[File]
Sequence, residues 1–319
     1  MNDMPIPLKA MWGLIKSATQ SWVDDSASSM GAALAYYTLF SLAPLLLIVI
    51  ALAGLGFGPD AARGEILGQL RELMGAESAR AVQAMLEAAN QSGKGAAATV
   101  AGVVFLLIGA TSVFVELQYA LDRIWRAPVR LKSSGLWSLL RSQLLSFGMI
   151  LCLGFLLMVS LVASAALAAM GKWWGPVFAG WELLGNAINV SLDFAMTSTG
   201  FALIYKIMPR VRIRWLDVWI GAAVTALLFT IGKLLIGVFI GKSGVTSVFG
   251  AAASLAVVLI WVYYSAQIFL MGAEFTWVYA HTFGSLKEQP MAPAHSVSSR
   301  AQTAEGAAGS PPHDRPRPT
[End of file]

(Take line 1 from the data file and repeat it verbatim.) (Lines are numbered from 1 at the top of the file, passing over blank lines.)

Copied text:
Sequence, residues 1–319